Goodbye Kansas Studios is a VFX studio that creates award-winning visual effects, digital animation and motion capture for movies, game trailers and commercials. Goodbye Kansas Studios main office lies in Stockholm, Sweden, but they are also located in Los Angeles, London, Hamburg and Uppsala.
Text by Nils Lagergren and Daniel Bystedt, Goodbye Kansas
We pride ourselves in having a structure at work where we put the artists first and the administration works a lot to support the artists. This has in turn created a company culture where artists help each other out as soon they run into any CG related issue. We also have a very strong creative atmosphere where artists feel ownership of their tasks and go out of their way to achieve visual excellence.
At Goodbye Kansas Studios we use several 3D applications, such as Houdini, Blender, Zbrush and Maya. We always try to approach a challenge with the tool that is best suited for solving the problem at hand. Blender first caught our eye because some of our artists had started trying it out and were surprised over how much faster they could produce models. Even though not every artist at the company use Blender it is becoming more and more popular in the modeling department at the Stockholm office. Let’s have a look at some projects!
Characters for Unity – Adam Demo
Characters were modeled in Blender and Zbrush. The low poly version of the character was entirely done in Blender.
Blender fits nicely into our pipeline because of its powerful modeling tools. We also use it for hair grooming, which then is exported as curves and used for procedural hair setups in other packages. Blender has a very nice mix between procedural tools, standard box modeling and sculpting. Generally we use Zbrush for character work and Blender for hard surface and props/environment work. We also use it in parts of our environment workflow for scattering objects.
Walking dead – season 8
Retopology and UV-mapping of human actor scans were done in Zbrush and Blender. Grooming of hairstyles were also done in Blender.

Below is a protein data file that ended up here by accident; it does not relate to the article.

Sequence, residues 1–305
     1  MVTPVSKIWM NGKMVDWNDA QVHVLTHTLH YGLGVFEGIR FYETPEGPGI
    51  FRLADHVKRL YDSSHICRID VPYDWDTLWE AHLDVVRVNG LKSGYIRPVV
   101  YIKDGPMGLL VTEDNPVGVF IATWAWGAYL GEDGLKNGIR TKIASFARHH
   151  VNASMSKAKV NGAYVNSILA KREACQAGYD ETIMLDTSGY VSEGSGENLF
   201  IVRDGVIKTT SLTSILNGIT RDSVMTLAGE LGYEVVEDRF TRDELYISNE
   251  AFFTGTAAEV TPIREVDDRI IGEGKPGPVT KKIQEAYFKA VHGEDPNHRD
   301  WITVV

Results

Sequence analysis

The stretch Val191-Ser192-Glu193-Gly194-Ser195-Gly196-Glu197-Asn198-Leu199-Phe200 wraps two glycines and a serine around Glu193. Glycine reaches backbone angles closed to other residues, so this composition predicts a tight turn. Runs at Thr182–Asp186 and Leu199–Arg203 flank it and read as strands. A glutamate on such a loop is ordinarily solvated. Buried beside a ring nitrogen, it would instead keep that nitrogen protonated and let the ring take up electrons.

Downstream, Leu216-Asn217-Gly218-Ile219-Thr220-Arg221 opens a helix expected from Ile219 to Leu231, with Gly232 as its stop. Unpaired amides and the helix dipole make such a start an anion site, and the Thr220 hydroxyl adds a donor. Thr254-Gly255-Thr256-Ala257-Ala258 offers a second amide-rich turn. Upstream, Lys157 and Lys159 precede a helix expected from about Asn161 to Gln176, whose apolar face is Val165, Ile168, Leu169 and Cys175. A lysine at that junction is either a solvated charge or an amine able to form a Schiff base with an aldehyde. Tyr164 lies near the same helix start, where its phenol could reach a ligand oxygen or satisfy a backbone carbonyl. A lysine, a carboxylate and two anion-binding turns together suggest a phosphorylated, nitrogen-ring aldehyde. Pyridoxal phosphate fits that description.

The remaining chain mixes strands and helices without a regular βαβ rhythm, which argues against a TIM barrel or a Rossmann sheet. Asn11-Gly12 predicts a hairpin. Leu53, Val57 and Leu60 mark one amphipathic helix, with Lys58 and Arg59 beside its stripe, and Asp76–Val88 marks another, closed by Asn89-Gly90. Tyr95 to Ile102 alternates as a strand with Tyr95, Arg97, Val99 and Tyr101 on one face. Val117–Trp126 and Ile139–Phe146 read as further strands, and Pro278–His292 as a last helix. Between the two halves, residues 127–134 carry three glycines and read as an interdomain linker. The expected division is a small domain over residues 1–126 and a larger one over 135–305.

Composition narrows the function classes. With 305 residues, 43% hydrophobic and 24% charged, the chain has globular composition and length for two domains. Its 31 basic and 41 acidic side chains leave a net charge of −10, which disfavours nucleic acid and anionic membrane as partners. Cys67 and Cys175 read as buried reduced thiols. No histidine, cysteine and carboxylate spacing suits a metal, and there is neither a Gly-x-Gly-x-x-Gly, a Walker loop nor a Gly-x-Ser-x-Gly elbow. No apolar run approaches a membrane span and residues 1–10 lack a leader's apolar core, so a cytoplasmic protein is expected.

Here are something that artists say about Blender.
“Things that are very complex to achieve in other applications are suddenly easy!”
“As a modeler it’s a program that works with you, instead of against you.”
“Suddenly I love Dutch people”
“It made box modelling fun again”
“It feels so strange that Blender is free when it’s actually better than most other modeling programs on the market”
Overkill’s: The Walking dead – Aidan trailer
“Upresolution” of zombie game assets were made both in Zbrush and Blender. Grooming of zombie hairstyles were done in Blender, and we also made a bunch of environment assets.
Along with the gods – The two worlds
The stone chamber was created with Blender. There was a lot of tedious work with placing rocks so they would no intersect in this environment. Thanks to Blender’s fast rigid body simulation system, we could simulate a low resolution version of the rocks and drop them in place. The rocks were then relinked to a high resolution version and published as an environment model. The stone characters in this scene were also done in Blender in two passes. First, the rocks were scattered onto a human base mesh and then they were nudged around by hand for better art direction. The big stone walls were also sculpted in Blender.
Biomutant – cinematic trailer
The little hero character was modeled in Zbrush and Blender. Grooming of the fur was done in Blender.
Raid: World War 2 – Cinematic Trailer
Several environments were done in Blender. We started the layout process using Grease Pencil. This was great, since we could do it very quickly, side-by-side with the art director and address his thoughts and notes. This Grease Pencil sketch was later linked into each environment artists’ scene so they had a good reference when building it. The environment artists did also link each others scene so that they could see each others work update. This made it easy to tie the separate rooms together.
Mass Effect: The Andromeda Initiative
The Moon environment was made in Blender. Being able to sculpt the ground at the same time as scattering out rocks made it really easy to iterate the shot and see how everything looked in the camera. By importing the character animation with Alembic from Maya to Blender, the environment artist could make sure that nothing intersected the characters feet while they were walking. This also enabled us to create the environment simultaneously as we were animating the shots.